Upwork - Where Writers Go to Die - Brad Cole
(and students go to pay others to do their homework)
What if I were to tell you that there was a website with LITERALLY THOUSANDS of freelance writing assignments available? That there is a place where you get paid REAL MONEY to write novels, stories, and articles - all freelance jobs just waiting for someone to click on them. Would you be interested in that?
Oh, and kids also pay people to do their homework for them; but we'll get to that in a second.
The site is called UPWORK, and it is a website that connects freelancers in every field to those with jobs that need doing. One of those fields is writing. In fact, multiple fields are writing - article writing, creative writing, etc, etc... And, the best part is, writers get paid in REAL MONEY for their work (assuming you click the correct search box, that is). This is a writer's dream come true! Having used a freelancer-friendly article writing system in the past (WiseGeek), I was both happy and excited about my future prospects on this site. So, let's see the first set of assignments my search revealed:
My eye quick fell on "Elders." Would this be an internet article about the Elderly? Maybe an assignment writing entries for an older generation-focused blog? Reading the job description, I discovered the following:
I've blacked out the names of the freelancers that did the jobs, but the list of past assignments made what was going on obvious: this kid was paying people to do his homework for him. Ingenious, considering how many schools now scan papers into plagiarism-detecting databases, but still not a particularly ethical job. And, to confirm my suspicions, one of the past assignments literally linked to this page:
Yes, this is an assignment for students in some sort of computer class. ::sigh:: I continued my search for a more professional job. The next one that stood out was....
This is actually an assignment I can understand, but didn't really see a future with - the potential client wants to pay a maximum of $70 for a 7000 word ebook on a non-fiction topic they supply every seven days. The assumption is this will go up on their website or amazon.com and generate them money long term. My comment would be: if you're doing that much writing, why not just put it out yourself on a website or Amazon and collect the royalties? But at least this is a decent job without ethical issues, and one for a client that seems legitimate.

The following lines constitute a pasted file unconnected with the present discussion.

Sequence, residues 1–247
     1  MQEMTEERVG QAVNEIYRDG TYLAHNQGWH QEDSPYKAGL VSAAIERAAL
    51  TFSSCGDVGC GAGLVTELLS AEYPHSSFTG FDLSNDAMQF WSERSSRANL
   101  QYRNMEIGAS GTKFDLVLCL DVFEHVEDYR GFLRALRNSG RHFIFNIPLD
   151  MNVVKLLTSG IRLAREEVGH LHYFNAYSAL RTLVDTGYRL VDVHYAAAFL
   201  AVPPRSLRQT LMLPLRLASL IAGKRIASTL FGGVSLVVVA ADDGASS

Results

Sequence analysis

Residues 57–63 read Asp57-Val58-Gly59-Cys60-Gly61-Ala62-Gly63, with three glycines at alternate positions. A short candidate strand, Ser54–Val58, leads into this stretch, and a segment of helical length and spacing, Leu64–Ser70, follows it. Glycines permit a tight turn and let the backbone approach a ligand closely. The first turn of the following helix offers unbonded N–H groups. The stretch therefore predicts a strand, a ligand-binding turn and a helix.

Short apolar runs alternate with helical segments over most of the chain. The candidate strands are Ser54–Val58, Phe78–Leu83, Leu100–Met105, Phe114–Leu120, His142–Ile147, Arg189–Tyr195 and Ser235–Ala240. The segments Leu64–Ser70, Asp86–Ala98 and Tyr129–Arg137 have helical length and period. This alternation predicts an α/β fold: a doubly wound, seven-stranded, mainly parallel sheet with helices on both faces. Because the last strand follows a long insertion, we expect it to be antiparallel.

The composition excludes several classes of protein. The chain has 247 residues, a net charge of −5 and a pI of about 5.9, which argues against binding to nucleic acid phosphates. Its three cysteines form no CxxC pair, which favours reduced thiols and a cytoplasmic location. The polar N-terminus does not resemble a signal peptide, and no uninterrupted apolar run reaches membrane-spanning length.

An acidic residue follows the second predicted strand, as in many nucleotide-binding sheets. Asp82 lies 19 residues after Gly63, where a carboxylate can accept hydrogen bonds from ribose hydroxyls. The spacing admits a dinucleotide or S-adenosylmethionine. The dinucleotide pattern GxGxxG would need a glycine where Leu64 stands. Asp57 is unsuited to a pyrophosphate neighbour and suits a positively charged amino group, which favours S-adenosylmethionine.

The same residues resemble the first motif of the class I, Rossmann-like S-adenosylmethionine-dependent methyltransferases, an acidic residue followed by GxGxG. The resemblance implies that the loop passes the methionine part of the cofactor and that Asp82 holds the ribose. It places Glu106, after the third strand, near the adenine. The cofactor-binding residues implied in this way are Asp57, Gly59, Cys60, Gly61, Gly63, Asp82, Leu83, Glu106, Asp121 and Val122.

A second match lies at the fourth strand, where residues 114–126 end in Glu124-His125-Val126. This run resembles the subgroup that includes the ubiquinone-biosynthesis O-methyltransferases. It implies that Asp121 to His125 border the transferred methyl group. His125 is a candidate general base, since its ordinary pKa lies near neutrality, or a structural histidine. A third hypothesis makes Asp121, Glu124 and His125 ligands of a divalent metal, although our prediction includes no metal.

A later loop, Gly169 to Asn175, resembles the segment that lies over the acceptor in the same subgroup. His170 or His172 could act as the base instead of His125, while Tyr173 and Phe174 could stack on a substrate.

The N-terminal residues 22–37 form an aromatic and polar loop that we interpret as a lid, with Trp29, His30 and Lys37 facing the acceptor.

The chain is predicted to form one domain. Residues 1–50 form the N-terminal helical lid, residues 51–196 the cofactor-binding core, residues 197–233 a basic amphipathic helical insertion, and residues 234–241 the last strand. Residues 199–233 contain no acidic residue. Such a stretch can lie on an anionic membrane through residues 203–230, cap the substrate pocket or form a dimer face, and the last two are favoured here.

This next assignment, though...
That's right - a MAJOR SHAVING BRAND that is going to work with ONE OF THE WORLD'S MOST POPULAR ATHLETES is looking for a freelancer to pay between TEN WHOLE DOLLARS and TWO HUNDRED BUCKS to for a commercial script. Maybe they spent all of their millions on the athlete to do the commercial, and couldn't afford to pay the scriptwriter a real wage? It doesn't help that this client is listed as "NEW" in regards to hiring history. This definitely seems legit and in no way a SCAM (I'm sure the prince will pay me right after he sees the finished script and sells off those diamonds... and I send him $100 so he can pay the appraiser).
I felt thoroughly dejected now - were there no ethical jobs within my skillset that would actually pay a fair wage for my writing? This final assignment answered that question for me:
This die-hard romantic wants to hire FOUR PROFESSIONALS to chat up potential love interests on various dating apps like Tinder, Hinged, and OKCupid so that he can get his freak on. I especially like that he is willing to provide the writer that gets him the most phone numbers (assuming per week) a CASH BONUS for his/her game-spitting skills (or whatever the electronic equivalent is). But, hey, $200 is $200, right?
There are no doubt MANY legitimate jobs for freelance writers on Upwork - and, by playing with the search settings and filtering out the vast majority of assignments, I was able to find a few. Still, the key word is "FEW." Best of luck to those of you with the courage to try - keep your sense of humor with you at all times, and make sure to get paid in advance.
- Brad Cole